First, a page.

Fewer Medicare Advantage plan members actively managed their care in 2020, and they had less communication with their health plans, a new report finds.
Data analytics firm J.D. Power wrote in its 2021 U.S. Medicare Advantage Study that the country's nine largest plans are still struggling when it comes to member communication and engagement. The seventh annual study found just 55% of MA members actively managed their care in the past year, a decline of nine percentage points from 2019.
The two most common ways plan members actively manage their care is by checking whether a treatment or service is covered and asking their doctor or pharmacist for a generic drug instead of a brand-name one, J.D. Power wrote.
"A lot of that has to do with the health plans aren't actively seeking to engage with their membership, which really is curious given it's Medicare Advantage," said James Beem, J.D. Power's managing director of global healthcare intelligence. "It's a full-risk, direct-to-consumer product."
A category that covers members' satisfaction with communication and information was the lowest-performing factor evaluated in the study. Beem noted that's despite the fact the category improved slightly year-over-year, just at a lower rate than other factors that drive satisfaction, like cost, coverage, networks and customer service. That's a trend J.D. Power has noticed in its studies since 2015, Beem said.
J.D. Power noted that plans' satisfaction scores are 54 points higher on a 1,000-point scale when members successfully engage with their plan to ask questions or solve a problem than when they have no engagement at all.
The study also found that new MA members tend to be in worse health and have lower incomes than established members.
Just 34% of new MA members—those ages 65 to 68 or in their first year of the program—said they are in "very good" or "better" health, and 46% said they have an annual income of $50,000 or more. That's compared to 39% of established plan members—those ages 69 and up and not in their first plan year—who say they are in "very good" or "better" health and 56% who earn more than $50,000 per year.
The trend of lower utilization among MA compared with traditional Medicare has been well documented in scientific literature, with estimates ranging from 10% to 60%.
A 2019 study in the American Economic Journal: Applied Economics, for example, found MA spending to be 30% lower than traditional Medicare per beneficiary per month.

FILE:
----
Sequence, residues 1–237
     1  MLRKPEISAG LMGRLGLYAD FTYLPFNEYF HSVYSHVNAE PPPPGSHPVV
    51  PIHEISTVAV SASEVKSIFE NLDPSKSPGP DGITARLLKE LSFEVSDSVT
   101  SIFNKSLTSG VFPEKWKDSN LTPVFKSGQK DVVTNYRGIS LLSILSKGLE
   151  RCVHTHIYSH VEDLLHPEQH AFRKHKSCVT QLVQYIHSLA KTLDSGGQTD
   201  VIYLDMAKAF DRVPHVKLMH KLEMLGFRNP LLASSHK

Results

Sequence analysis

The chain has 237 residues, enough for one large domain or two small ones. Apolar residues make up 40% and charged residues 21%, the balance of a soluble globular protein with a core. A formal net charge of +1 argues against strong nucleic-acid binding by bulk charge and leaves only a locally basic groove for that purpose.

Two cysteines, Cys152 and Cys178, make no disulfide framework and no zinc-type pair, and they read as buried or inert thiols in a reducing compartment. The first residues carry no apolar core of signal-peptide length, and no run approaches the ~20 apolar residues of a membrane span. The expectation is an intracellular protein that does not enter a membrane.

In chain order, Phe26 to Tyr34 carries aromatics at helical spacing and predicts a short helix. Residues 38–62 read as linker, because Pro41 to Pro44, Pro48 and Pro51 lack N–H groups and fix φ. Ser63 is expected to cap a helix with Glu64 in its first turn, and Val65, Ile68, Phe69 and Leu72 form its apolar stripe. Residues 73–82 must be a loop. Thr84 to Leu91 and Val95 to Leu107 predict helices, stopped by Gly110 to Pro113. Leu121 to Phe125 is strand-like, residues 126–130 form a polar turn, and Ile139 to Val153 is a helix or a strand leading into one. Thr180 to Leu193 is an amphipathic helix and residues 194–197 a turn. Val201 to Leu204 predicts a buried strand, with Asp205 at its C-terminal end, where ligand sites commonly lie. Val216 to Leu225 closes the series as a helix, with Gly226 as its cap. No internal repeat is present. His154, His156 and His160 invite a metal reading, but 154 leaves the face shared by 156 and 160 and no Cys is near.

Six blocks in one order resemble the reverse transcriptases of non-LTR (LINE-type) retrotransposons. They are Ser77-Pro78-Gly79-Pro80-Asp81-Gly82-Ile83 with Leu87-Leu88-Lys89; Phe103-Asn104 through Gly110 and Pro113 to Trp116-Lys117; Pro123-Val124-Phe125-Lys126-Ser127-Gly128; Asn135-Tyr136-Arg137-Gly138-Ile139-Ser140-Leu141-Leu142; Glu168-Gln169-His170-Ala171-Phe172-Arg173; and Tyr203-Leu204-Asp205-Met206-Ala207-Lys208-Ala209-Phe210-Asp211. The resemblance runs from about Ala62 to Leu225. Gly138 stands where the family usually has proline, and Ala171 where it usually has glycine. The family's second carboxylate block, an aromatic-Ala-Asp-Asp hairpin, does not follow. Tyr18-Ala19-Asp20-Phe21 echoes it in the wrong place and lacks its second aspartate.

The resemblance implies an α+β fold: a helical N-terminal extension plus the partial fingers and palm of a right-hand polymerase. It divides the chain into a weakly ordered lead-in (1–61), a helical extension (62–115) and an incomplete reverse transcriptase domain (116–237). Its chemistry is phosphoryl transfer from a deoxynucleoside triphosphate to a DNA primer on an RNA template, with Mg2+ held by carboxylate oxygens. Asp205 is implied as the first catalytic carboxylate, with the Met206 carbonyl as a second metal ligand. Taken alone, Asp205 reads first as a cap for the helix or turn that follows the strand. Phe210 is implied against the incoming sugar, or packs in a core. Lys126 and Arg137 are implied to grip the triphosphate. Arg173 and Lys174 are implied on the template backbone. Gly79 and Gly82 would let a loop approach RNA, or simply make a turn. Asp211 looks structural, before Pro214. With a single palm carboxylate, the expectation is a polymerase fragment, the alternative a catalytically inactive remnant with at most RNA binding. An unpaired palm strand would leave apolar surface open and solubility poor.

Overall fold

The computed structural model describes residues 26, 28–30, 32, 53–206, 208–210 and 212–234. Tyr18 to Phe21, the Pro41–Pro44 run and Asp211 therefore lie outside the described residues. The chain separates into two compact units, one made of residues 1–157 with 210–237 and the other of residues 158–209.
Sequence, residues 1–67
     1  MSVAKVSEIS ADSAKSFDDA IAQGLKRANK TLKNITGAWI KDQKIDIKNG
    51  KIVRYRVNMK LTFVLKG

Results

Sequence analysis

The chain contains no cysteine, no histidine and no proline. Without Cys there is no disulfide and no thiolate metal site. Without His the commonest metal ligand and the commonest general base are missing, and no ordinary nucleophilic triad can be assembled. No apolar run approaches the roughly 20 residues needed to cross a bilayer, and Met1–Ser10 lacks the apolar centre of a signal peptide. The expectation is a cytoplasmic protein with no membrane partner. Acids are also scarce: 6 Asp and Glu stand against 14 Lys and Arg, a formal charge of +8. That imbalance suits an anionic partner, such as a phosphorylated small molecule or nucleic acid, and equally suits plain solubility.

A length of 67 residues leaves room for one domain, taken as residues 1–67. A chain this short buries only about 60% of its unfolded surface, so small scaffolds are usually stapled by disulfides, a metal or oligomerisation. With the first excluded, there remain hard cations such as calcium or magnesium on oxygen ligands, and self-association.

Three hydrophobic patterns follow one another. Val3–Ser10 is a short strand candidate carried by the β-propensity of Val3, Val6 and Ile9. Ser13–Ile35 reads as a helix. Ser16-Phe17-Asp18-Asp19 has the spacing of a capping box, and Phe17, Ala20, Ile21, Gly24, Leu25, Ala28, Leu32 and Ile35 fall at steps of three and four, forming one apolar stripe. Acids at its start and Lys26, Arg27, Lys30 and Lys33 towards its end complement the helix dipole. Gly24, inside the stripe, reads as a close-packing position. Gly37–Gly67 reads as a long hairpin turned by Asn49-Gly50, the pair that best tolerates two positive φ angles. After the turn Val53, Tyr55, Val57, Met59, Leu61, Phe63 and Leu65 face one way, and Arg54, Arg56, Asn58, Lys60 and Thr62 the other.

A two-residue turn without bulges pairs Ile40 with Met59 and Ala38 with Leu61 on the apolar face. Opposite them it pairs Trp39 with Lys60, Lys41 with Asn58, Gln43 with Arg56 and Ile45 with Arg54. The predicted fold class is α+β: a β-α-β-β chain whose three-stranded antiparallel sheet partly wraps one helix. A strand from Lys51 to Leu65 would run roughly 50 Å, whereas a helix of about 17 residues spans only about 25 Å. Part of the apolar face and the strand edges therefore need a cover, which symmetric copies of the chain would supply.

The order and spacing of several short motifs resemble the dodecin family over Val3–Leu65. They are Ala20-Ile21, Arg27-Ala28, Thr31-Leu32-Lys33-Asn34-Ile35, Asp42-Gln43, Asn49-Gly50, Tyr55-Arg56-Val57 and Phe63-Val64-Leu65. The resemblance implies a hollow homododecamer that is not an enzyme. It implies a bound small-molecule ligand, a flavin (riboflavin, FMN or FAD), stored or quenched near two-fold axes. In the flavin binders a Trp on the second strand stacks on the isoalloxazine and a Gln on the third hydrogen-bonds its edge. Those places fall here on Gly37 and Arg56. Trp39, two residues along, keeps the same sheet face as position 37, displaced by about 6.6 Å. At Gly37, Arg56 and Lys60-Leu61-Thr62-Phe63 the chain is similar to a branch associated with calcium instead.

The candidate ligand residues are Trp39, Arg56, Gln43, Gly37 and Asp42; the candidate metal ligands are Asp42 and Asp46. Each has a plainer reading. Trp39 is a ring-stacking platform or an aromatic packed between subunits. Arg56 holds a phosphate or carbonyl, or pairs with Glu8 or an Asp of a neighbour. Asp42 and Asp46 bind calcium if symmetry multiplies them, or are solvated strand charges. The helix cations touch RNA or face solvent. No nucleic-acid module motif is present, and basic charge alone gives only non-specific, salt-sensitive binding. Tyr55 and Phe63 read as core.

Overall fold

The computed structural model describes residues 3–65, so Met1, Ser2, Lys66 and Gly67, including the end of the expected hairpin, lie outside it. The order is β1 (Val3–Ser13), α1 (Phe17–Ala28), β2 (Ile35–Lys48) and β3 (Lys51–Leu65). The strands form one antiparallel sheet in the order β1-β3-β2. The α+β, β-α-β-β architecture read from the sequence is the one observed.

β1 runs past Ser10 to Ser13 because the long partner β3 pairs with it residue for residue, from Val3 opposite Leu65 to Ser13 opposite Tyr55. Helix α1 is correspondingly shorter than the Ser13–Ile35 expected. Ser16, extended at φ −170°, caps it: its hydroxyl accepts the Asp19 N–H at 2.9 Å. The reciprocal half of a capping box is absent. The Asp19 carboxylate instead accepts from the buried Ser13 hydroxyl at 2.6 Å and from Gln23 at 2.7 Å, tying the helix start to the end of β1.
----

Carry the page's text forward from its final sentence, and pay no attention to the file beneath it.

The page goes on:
The authors wrote MA insurers have a number of potential levers for keeping utilization low. That article found higher spending per emergency department patient in MA compared with traditional Medicare, indicating the MA patients are in worse health by the time they're admitted for care. The study also found MA patients are much less likely than traditional Medicare patients to be discharged from the hospital to post-acute care and much more likely to be discharged home. The study also noted lower rates of specialist visits in MA.
"Lower utilization in MA appears both for services where there are concerns about over-use, such as diagnostic testing and imaging, as well as for services where there are concerns about under-use, such as preventive care," the team of authors wrote in the 2019 study.
But there was some encouraging news; 78% of MA members are registered for their plan's member portal, up four percentage points from last year. Two-thirds of members have logged into their plan portal. Portal use is linked with higher plan satisfaction and improved engagement, J.D. Power noted.
Kaiser Foundation Health Plan performed highest on an overall consumer satisfaction rating, scoring 846 on a 1,000-point scale. Second was Highmark, with 834. Cigna HealthSpring and Humana tied for third, both scoring 822. At the bottom of the list, Centene scored 769. Just above that, Blue Cross and Blue Shield of Michigan scored 788. UnitedHealthcare and Aetna tied for third lowest at 795.
J.D. Power's study was based on responses from 3,359 MA members across the country. Fielded between January and March 2021, it includes nine plans that together cover about 70% of the Medicare Advantage market share, Beem said.